Analysis of MD: Equilibrium and Dynamics

Imagine that you had access to one very long (or very many somewhat shorter) unbiased MD simulation(s). What would (or should) you do with the dataset; what quantities can be estimated?

First, we can estimate equilibrium expectation values. Each trajectory is, by construction, a realization of a Markov chain whose stationary distribution is the equilibrium distribution of the system. Assuming we're in the canonical (NVT) ensemble, then the equilibrium (Boltzmann) distribution of the system is

$$ \pi(x) = \frac{1}{Z} e^{-\beta U(x)} $$

If we index the timesteps of the simulation, $t \in \{1, 2, \ldots\}$, and let $X_t$ be the position at time $t$, then $X_t$ converges in distribution to $\pi$.

$$X_t \xrightarrow{d} \pi$$

Why is this useful? Because it provides the basis by which we can calculate expectation values for the system. If we want to calculate things like the ensemble average distance between various residues, FRET absorbance, X-ray scattering intensities, or other properties that can be well-modeled as an ensemble average over $\pi$ of some (instantaneous) observable $g(X)$, this property guarantees that averages of $g$ over a trajectory will converge to the right answer in the limit that the length of the trajectory goes to infinity.

$$ \lim_{t\rightarrow \infty}\frac{1}{T} \sum_t^T g(X_t) = \mathbb{E}_\pi \left[ g(X) \right] $$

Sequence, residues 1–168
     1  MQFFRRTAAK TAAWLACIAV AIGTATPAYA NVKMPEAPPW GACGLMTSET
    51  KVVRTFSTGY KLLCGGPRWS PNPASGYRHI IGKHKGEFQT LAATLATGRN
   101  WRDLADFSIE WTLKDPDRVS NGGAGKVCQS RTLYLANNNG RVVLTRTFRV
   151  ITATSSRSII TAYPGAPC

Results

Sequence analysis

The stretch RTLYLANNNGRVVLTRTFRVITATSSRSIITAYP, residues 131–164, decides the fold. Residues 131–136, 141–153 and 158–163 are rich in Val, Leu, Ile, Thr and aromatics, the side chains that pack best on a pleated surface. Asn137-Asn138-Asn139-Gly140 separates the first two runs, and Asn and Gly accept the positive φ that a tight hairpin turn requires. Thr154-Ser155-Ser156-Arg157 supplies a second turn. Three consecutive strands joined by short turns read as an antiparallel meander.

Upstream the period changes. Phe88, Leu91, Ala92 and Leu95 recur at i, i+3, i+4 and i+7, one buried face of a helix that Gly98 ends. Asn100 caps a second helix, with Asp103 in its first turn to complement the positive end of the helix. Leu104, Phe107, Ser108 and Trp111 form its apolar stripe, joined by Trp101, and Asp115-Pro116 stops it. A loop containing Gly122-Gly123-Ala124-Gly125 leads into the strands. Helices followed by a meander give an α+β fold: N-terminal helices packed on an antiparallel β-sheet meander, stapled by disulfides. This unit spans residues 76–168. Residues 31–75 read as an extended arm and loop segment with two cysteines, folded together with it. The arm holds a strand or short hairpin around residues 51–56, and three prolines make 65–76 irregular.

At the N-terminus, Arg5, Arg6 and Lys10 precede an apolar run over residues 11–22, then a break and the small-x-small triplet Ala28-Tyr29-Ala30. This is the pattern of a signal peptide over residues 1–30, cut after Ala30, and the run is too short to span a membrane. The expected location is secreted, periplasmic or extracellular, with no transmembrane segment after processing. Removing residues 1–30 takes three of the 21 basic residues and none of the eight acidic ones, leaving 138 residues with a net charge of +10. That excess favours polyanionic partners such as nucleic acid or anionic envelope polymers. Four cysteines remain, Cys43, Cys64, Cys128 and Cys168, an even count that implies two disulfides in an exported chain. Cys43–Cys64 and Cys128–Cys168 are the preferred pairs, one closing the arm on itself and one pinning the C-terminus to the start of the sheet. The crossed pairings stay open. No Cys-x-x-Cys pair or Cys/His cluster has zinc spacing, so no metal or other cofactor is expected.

But there's potentially much more information in an MD trajectory than just estimates of equilibrium expectation values. Consider questions about the system's dynamics like the following:

  1. How long does it take for the system to transition between two particular regions of conformation space?
  2. What are the slow dynamical modes in the system? Which degrees of freedom or collective variables in the system take the most time to equilibrate?
  3. What predictions can be made about relaxation experiments like temperature-jump IR spectroscopy?

These types of questions concern the dynamics of the system, and cannot truly be answered by the calculation of equilibrium expectation values. Why? If we look at the structure of the mean calculation above, we can see that it treats the individual $X_t$ as if they're exchangeable. This means roughly that given an MD trajectory, we get the same estimate for the equilibrium average of $g$ if we scramble the order of the frames in the trajectory (vs. using them in the ``proper'' order). All of the temporal structure of the trajectories is thus disregarded.

In an upcoming post, I'll talk about how these types of questions about the dynamics can be posed, and how Markov state models can be efficient estimators for these quantities.